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Nói Albinói
cast: Tómas Lemarquis, Thröstur Leó Gunnarsson, Elin Hansdóttir, Anna Fridriksdóttir, and Gerard Lemarquis

writer and director: Dagur Kári

88 minutes (15) 2003
widescreen ratio 1.75:1
Artificial Eye DVD Region 2 retail
Also available to buy on video
[released 19 July]

RATING: 6/10
reviewed by Gary Couzens
Nói (Tómas Lemarquis) lives with his father and grandmother in a small village in the north of Iceland that's frequently cut off from the outside world by snow. He's delinquent at school and longs to break out of this small, isolated community. In particular, he wants to escape with Iris (Elin Hansdóttir), a city girl who has come back to the village to work in her father's shop.
   The title, which rhymes in Icelandic, was the starting point for writer-director Dagur Kári's first feature. There's no particular reason otherwise for Nói's albinism, except as a metaphor for his isolation. Kári does a capable job of conveying the atmosphere of life in a permanently frozen small community, but doesn't succeed in making Nói as sympathetic as he should be. Comparisons are made with Aki Kaurismäki and Jim Jarmusch and their influence is certainly felt, in this film's deadpan, miserabilist humour. However, at this stage Kári doesn't have those two director's stylistic assurance and wit, and the film's tragic ending doesn't come off. Nói Albinói (aka: Nói The Albino) is a film of promise rather than fulfilment, but fans of the above-named two directors or of Iceland's small but vibrant film industry would do worse than to give it a look.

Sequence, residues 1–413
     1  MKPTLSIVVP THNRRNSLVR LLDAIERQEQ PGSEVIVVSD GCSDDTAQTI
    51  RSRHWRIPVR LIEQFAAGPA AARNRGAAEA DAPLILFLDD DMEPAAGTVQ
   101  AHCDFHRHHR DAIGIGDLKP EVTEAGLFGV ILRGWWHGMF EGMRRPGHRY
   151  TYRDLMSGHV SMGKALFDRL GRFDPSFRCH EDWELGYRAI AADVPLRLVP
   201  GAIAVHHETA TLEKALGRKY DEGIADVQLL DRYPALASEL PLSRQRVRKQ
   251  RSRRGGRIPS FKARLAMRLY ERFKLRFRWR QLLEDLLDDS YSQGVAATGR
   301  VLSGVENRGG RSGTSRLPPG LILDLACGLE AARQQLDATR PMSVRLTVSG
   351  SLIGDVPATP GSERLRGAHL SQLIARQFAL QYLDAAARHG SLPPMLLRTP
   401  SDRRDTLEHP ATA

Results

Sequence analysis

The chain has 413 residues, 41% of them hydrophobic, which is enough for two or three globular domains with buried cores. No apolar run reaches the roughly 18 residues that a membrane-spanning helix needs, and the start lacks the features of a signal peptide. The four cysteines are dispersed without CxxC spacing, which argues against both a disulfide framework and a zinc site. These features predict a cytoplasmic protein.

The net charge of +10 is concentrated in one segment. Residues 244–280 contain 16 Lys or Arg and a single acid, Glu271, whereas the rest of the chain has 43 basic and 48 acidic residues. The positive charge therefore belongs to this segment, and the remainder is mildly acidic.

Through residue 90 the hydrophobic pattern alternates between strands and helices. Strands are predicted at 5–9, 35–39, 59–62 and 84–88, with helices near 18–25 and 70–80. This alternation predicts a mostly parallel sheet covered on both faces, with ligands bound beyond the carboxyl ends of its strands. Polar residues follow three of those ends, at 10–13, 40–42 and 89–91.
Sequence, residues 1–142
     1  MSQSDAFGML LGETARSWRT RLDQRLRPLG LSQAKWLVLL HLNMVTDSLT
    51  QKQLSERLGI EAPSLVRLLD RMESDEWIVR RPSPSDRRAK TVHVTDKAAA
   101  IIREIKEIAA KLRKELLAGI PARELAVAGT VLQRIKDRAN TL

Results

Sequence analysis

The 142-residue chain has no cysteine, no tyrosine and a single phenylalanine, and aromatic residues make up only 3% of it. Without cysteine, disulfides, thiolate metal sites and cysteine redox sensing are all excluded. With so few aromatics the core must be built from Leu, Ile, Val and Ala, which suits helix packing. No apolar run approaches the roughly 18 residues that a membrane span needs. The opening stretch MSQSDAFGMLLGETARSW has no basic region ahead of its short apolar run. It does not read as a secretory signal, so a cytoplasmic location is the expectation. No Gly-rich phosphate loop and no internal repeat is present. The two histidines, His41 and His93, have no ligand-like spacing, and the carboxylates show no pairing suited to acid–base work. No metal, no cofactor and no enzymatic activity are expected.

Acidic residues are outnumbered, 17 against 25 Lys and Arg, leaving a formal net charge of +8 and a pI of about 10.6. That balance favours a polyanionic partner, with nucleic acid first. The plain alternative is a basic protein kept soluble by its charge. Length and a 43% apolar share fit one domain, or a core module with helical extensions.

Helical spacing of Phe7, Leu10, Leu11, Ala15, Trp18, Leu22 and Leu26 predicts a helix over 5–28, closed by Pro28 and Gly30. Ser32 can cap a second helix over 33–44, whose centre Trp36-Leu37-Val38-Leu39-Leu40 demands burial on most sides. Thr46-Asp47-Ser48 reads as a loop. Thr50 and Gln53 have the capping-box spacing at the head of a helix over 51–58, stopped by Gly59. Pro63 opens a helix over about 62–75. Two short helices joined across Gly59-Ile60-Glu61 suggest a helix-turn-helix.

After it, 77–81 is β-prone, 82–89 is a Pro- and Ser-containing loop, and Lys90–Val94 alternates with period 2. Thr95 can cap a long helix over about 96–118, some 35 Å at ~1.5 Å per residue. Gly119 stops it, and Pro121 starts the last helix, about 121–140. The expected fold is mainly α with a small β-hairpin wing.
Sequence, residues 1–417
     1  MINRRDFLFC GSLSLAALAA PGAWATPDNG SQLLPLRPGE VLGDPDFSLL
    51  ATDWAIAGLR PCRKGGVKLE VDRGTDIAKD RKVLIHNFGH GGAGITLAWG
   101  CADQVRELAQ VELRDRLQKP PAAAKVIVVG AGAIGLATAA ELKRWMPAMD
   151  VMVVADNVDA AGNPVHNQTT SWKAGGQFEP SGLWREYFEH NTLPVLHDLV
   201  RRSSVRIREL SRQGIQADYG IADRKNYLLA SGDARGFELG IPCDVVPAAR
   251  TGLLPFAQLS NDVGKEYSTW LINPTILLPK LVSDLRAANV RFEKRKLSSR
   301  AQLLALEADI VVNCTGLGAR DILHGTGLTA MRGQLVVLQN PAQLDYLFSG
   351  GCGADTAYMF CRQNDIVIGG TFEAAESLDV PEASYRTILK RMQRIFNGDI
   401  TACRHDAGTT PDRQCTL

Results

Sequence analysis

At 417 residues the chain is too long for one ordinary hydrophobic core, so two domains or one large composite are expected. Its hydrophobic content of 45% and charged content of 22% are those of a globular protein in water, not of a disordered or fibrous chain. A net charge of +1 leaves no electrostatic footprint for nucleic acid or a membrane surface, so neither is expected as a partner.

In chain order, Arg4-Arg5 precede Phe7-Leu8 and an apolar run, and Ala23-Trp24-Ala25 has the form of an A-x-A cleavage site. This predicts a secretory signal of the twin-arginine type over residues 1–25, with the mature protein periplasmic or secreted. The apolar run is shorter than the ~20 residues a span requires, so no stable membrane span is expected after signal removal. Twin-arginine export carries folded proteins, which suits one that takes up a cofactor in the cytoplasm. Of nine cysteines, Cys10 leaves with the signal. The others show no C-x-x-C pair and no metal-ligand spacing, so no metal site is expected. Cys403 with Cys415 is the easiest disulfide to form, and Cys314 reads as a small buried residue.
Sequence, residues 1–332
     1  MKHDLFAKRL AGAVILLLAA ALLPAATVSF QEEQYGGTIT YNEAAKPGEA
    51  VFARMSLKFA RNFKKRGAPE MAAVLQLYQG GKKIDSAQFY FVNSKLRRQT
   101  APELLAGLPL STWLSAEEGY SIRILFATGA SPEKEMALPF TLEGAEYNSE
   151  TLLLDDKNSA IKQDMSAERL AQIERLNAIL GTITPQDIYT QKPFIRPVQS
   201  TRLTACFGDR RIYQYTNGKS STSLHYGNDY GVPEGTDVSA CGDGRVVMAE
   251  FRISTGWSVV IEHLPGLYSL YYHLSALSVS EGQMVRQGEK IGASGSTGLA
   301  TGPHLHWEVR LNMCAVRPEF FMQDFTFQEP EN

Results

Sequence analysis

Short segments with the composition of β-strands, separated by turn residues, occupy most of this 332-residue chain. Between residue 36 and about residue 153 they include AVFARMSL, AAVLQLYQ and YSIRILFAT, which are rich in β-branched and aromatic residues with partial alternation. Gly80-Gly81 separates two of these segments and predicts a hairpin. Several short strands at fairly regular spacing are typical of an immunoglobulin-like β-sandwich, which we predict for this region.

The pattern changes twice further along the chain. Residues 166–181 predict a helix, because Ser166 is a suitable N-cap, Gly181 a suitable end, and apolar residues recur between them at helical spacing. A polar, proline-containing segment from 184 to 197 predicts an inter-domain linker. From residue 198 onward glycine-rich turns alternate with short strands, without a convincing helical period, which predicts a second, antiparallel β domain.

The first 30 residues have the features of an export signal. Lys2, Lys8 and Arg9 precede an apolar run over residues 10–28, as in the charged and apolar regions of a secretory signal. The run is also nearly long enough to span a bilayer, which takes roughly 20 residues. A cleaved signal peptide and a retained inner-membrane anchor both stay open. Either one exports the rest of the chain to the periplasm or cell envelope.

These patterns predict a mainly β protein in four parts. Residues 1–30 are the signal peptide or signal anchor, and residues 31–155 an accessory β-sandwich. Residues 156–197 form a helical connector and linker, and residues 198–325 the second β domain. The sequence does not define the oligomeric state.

Artificial Eye have presented Nói Albinói on an impressive DVD, though some of its features aren't listed on the packaging. The disc has an anamorphic transfer in the ratio of 1.75:1 (that is, 16:9 with thin black bars at the sides). As well as the Dolby digital 2.0 soundtrack, there's an unannounced 5.1 track which for some reason is mixed considerably quieter than the 2.0. Also unannounced is a commentary track by Dagur Kári, interviewed by director and screenwriter Ásgrímur Sverrisson. This commentary is conducted in Icelandic, but subtitled in English. Other extras: deleted scenes, a making-of documentary, an interview with Dagur Kári, and biographies of Kári and Sverrisson.
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